Cologne offers several cafes and eateries along the banks of the Rhine River. // © 2012 Bekah Wright
Hear the words “culinary tour” and taste buds automatically start dancing. Such was the case when I signed up for the recent German Travel Mart’s food tour of Frankfurt and Cologne. I got a jumpstart on sampling the edible side of Germany upon checking into the Steigenberger Hotel Bad Homburg, located in a spa town of the same name, just outside of Frankfurt. Waiting on my pillow were gummy bears and, with that, the feasting had begun. Throwing a few into my mouth, I chomped with relish, only to notice something odd rolling around amidst the bears — a porcelain crown.
I made a quick call to the front desk and manager Ed Eberle arranged a dental appointment. Going above and beyond his front desk duties, Eberle escorted me across the street to the dentist office, translated medical forms and offered to stay for moral support. Declining his kind offer, I put myself in the capable hands of Dr. Frank Bebenroth. Would the incident deter me from diving into the succulent delights of Germany? Heck, no. Crown promptly back intact, I joined my group of American tourists and set out on our food tour.
First Course: Frankfurt
The bus trip into town was a visual delight with fields of yellow rapeseed adding pops of sunshine to the cloudy day and overpasses with scrawled graffiti messages declaring “Hope.” Our first destination was Romerberg Square in Frankfurt’s old town. Equipped with umbrellas, we took in the Gerechtigkeitsbrunnen, otherwise known as the Fountain of Justice, an apropos starting point for a tour of what’s been the center of Frankfurt’s government since the 15th century. The square takes its name from the Romer, an iconic row of 15th- to 18th-century houses rebuilt after World War II on one edge of the square. Yet another part of the square leads past Roman bath ruins.
From here, the walking tour led to Kleinmarkthalle. A stop at Schreiber’s had our group sampling various flavors of the vendor’s acclaimed sausages. Those of us with appetites were in the right place, as most booths had samples to offer of everything from produce and spices to ginger tea and pastries.
Back on the bus, we headed to Klappergasse, a quarter named after Germany’s beloved drink, apple wine. A stroll down cobblestone streets and hidden alleyways led to my favorite area attraction — the formidable Frau Rauscher fountain. Note to those entranced by this bronze memorial lauding the health benefits of apple wine: Be ready to duck (she spits).
As the sun dipped behind the skyscrapers of Germany’s financial capital, we visited Steinberger Frankfurter Hof, the sister property of our accommodations in Bad Homburg. A tour of the grand dame showcased ongoing renovations taking place in four phases that are set to conclude mid-2013. In keeping with its guests’ diverse tastes, some of the new decor is hip and masculine, while other rooms are more traditional. Forthcoming is the addition of a day spa.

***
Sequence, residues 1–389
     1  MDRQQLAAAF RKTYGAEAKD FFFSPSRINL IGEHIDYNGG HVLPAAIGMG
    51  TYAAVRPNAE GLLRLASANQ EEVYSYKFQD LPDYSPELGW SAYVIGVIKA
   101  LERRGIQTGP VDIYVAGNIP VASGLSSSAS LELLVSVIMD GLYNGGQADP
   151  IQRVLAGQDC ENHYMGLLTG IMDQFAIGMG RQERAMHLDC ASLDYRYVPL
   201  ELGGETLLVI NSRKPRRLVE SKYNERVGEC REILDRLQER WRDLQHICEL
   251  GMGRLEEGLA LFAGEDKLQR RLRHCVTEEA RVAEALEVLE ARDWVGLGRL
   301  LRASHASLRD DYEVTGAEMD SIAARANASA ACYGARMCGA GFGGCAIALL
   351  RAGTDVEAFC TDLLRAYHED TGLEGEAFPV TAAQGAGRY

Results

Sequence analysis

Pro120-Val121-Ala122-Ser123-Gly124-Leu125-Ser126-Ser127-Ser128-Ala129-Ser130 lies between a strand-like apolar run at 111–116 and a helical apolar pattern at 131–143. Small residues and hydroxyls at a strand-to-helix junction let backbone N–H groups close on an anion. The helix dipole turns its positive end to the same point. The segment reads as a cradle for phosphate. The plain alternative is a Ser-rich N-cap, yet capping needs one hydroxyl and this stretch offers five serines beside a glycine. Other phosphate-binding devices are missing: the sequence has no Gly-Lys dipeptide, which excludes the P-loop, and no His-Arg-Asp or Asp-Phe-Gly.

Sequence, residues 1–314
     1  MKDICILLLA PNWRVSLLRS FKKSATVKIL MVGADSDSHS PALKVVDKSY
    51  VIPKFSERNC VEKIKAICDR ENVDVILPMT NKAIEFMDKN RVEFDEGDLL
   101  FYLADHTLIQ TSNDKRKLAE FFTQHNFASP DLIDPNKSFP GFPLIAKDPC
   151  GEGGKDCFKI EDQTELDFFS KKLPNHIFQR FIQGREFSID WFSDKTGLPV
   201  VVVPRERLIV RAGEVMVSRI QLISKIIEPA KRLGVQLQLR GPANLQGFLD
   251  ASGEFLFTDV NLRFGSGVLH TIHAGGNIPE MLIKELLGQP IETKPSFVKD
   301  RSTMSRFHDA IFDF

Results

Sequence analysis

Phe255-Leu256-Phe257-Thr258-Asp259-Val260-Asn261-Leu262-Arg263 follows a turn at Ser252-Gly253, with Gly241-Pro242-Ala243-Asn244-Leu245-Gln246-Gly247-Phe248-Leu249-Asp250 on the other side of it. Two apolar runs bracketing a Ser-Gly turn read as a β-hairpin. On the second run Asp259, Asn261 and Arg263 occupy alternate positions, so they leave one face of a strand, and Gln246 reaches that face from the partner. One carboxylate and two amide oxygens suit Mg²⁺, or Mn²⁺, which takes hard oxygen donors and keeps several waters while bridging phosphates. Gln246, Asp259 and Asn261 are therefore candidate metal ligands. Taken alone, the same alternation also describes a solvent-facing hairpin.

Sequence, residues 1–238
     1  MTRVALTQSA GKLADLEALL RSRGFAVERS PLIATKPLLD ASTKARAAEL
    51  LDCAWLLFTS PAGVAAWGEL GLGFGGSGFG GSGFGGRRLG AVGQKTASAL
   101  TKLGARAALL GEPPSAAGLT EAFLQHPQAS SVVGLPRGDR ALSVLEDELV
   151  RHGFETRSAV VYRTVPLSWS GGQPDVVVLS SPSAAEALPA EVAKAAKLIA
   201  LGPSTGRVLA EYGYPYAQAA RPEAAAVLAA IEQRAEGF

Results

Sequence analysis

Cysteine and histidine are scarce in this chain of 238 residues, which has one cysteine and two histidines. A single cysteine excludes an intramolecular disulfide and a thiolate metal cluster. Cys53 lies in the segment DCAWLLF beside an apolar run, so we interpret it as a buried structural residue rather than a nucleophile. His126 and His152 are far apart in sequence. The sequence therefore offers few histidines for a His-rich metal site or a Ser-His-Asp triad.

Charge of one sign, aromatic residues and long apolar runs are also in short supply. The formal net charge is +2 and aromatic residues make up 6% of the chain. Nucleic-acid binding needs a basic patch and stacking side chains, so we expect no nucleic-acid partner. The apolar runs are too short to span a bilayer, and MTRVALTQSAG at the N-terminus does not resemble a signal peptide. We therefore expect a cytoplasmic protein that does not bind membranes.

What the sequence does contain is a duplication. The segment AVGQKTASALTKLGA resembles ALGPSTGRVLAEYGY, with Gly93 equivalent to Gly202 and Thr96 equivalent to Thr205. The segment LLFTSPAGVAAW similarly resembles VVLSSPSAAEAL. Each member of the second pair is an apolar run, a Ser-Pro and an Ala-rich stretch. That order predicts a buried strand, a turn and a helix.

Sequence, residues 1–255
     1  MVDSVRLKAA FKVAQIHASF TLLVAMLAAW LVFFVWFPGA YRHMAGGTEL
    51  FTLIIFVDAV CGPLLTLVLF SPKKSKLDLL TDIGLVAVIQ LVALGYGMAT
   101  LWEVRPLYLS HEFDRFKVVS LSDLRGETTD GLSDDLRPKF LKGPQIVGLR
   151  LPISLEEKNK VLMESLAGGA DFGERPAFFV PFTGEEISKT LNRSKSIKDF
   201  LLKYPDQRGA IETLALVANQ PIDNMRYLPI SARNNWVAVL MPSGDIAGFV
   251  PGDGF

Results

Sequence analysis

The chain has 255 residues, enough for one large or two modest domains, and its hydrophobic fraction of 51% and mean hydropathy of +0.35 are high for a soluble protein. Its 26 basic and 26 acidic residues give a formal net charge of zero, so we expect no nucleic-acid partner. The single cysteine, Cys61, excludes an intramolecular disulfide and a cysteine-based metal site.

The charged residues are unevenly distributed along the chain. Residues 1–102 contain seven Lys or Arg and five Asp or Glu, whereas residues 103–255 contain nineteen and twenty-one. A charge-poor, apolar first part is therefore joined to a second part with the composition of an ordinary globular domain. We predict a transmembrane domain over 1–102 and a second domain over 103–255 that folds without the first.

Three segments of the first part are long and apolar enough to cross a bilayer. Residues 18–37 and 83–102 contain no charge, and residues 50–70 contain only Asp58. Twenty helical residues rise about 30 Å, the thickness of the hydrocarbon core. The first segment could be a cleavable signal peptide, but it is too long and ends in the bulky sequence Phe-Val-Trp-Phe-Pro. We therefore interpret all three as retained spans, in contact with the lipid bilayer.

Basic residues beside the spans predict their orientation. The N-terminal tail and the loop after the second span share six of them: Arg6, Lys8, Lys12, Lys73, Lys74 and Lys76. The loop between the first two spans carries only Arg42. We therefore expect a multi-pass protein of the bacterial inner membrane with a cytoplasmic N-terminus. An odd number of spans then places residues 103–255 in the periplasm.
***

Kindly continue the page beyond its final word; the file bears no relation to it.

While roving the halls of the Frankfurter Hof, this writer’s mind was busy fantasizing about the 2012 Frankfurt Book Fair (Oct. 10-14) when 7,400 exhibitors from 106 countries descend upon the city. During this time, the hotel is buzzing with enterprising authors and agents grabbing seats on the steps of the grand staircase to broker deals over bottles of wine. Another hot spot in the hotel for the literary set is Autorenbar, the Authors’ Bar. Guests who want to check out the bounty of such negotiations need merely visit Frankfurter Hof’s library, stocked with books the hotel receives as tips.
Artistry of another sort takes place in the Frankfurter Hof kitchens. Here, James Beard-winning, Chef de Cuisine Patrick Bittner creates gourmet, culinary masterpieces for the Michelin-starred Restaurant Francais. After sampling some of Bittner’s flavors, our group adjourned to Oscar’s for dinner. Lucky for us, it was spargel (white asparagus) season in Germany, and the spargel served as a great complement to our schnitzel entrees.
Second Course: Cologne
Our explorations took us to the Cologne Central Train Station and its neighbor, one of Germany’s prime attractions, the high gothic, Cologne Cathedral. Construction on this UNESCO World Heritage Site began in 1248 but was not completed until 1880. Scaffolding on its exterior is a testament to the ongoing work necessary to maintain the cathedral.
Within walking distance of the cathedral was a wealth of sights. The Alter Markt, said to be the oldest square in Cologne, was quiet this particular day. The Alters Markt ideal spot to enjoy a gelato and people watch.
Especially luring to our crew were the banks of the Rhine, where locals and tourists alike were taking advantage of the beautiful weather by sipping kolsch beer biergartens whilst listening to accordion music or cycling on the bike path.
To cap off an ideal day in Cologne, we headed to one of the city’s finest dining establishments – the two Michelin-starred La Vision. A sense of anticipation built upon arriving at the former water tower that houses both the restaurant and Hotel im Wasserturm. An elevator delivered us to the 11th floor rooftop. Here, chef de cuisine Hans Horberth had created a personalized menu with our group in mind. Highlighted courses were sepia with whitefish caviar and a salad of wild broccoli and crispy suckling pig haunch with marinated rhubarb and chickpea fritters. To finish, a dessert arrived at the table with flavors as distinct and diverse as the country from which they are derived — frozen Ivoire chocolate with lime caviar.
La Vision also offered a picturesque rooftop view of the sun setting over the Cologne Cathedral spires. I’ll admit it, I emitted a sigh. My thought at that moment? After a mere taste of Frankfurt and Cologne’s outstanding landmarks, attractions, accommodations and cuisine — I’d like to take seconds.